Node Pole participates in EU parliament roundtable

On February 5th 2020, Patrik Öhlund, CEO Node Pole, was invited to participate in a seminar in the EU Parliament on digital infrastructure and energy consumption. He was joined by representatives from Microsoft and Vattenfall, as well as Swedish MEP Fredrick Federley (C).

The topic of the seminar was how an increase in transparency can reduce carbon emissions, and Node Pole was invited based on the launch a global certificate for Fossil Free Data last year. With the label, Node Pole seeks to increase knowledge regarding carbon emissions from data usage and raise the incentives for businesses to invest in fossil free data centers.

In the last decade, Node Pole has established itself as a key player in the industry by being the hub for a new industrial era in Sweden – data centers is now a Swedish base industry. In 2013, when Facebook had finished its establishment in Luleå, it was the first major data center investment in Sweden. By 2020, Amazon is located in Mälardalen, Google in Avesta and Microsoft in Gävle, Sandviken, and Staffanstorp. The datacenter boom has been intense in recent years and large investments continue across the country.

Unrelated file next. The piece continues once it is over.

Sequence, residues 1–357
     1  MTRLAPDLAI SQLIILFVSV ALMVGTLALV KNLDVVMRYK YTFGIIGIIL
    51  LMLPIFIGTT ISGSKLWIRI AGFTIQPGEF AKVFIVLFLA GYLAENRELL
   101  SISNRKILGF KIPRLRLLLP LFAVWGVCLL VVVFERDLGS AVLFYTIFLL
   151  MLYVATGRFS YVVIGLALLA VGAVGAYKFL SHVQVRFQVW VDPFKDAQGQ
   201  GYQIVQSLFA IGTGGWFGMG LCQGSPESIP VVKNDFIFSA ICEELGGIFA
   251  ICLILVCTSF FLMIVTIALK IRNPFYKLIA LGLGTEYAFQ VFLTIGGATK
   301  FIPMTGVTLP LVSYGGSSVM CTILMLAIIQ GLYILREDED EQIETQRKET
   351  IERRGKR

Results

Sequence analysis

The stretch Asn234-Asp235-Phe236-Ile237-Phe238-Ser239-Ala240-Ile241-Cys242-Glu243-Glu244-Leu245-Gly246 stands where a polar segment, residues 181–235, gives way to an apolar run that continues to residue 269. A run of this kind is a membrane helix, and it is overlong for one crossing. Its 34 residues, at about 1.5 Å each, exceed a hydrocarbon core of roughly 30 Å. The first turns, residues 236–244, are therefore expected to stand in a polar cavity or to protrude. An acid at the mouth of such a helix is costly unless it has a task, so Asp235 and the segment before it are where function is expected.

Sweden has come up at the center of this development due to the increasing digitization being a growing climate problem, not least because many data centers in the world are powered by fossil fuels such as coal. For example, by 2020, streaming video is expected to account for 80% of total Internet traffic. At present, the IT sector accounts for about a tenth of the world's energy consumption.

But the Internet is growing. The amount of data and information intensity is increasing and between 2017 and 2022, network traffic for streaming film and television is expected to double. For example, the streaming and downloads of the hit-single “Decpacito” consumed as much electricity as Chad, Guinea-Bissau, Somalia, Sierra Leone and the Central African Republic put together in a single year according to the EU-funded research project Eureka.

Storing data requires a lot of energy and many data centers in the world are powered by fossil fuels. Thus, how we manage data and how data centers are being run is an important part of achieving the climate goals.

Sweden has optimal conditions for sustainable data center operations, with a large proportion of renewable energy enabling fossil free plants, extremely stable electricity supply, competitive prices, and high competence. In addition, Sweden is both politically and geologically stable. The Government and the Swedish parliament have also prioritized this new industrial era.

Read more about the Fossil Free Data Certificate at